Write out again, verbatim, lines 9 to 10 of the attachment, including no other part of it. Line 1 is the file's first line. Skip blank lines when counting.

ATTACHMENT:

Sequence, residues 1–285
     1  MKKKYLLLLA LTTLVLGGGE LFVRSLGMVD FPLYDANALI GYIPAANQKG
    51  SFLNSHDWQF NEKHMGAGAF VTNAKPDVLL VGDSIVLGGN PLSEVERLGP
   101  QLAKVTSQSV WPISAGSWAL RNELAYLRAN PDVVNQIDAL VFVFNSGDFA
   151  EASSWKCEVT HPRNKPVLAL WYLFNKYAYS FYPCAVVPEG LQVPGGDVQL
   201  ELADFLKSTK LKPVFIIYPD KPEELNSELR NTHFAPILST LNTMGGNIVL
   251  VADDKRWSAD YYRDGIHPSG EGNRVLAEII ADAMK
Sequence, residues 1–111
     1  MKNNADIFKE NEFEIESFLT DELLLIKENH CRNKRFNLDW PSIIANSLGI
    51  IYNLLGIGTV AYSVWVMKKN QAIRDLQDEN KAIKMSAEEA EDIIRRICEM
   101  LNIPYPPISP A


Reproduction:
     1  MKNNADIFKE NEFEIESFLT DELLLIKENH CRNKRFNLDW PSIIANSLGI
    51  IYNLLGIGTV AYSVWVMKKN QAIRDLQDEN KAIKMSAEEA EDIIRRICEM